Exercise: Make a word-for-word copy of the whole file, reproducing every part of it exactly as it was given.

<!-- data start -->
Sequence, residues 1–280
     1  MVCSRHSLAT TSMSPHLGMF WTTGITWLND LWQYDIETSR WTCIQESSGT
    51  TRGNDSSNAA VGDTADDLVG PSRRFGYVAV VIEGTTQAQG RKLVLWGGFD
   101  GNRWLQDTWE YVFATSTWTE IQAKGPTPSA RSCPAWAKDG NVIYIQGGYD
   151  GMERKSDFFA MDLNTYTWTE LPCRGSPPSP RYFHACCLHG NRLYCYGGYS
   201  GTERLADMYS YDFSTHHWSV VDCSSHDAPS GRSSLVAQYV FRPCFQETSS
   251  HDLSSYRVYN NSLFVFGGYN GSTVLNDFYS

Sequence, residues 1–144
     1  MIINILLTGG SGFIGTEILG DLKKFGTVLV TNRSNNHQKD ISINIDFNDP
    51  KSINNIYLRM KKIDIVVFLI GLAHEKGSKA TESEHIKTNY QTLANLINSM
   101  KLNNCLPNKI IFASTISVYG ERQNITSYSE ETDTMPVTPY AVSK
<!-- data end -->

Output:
Sequence, residues 1–280
     1  MVCSRHSLAT TSMSPHLGMF WTTGITWLND LWQYDIETSR WTCIQESSGT
    51  TRGNDSSNAA VGDTADDLVG PSRRFGYVAV VIEGTTQAQG RKLVLWGGFD
   101  GNRWLQDTWE YVFATSTWTE IQAKGPTPSA RSCPAWAKDG NVIYIQGGYD
   151  GMERKSDFFA MDLNTYTWTE LPCRGSPPSP RYFHACCLHG NRLYCYGGYS
   201  GTERLADMYS YDFSTHHWSV VDCSSHDAPS GRSSLVAQYV FRPCFQETSS
   251  HDLSSYRVYN NSLFVFGGYN GSTVLNDFYS

Sequence, residues 1–144
     1  MIINILLTGG SGFIGTEILG DLKKFGTVLV TNRSNNHQKD ISINIDFNDP
    51  KSINNIYLRM KKIDIVVFLI GLAHEKGSKA TESEHIKTNY QTLANLINSM
   101  KLNNCLPNKI IFASTISVYG ERQNITSYSE ETDTMPVTPY AVSK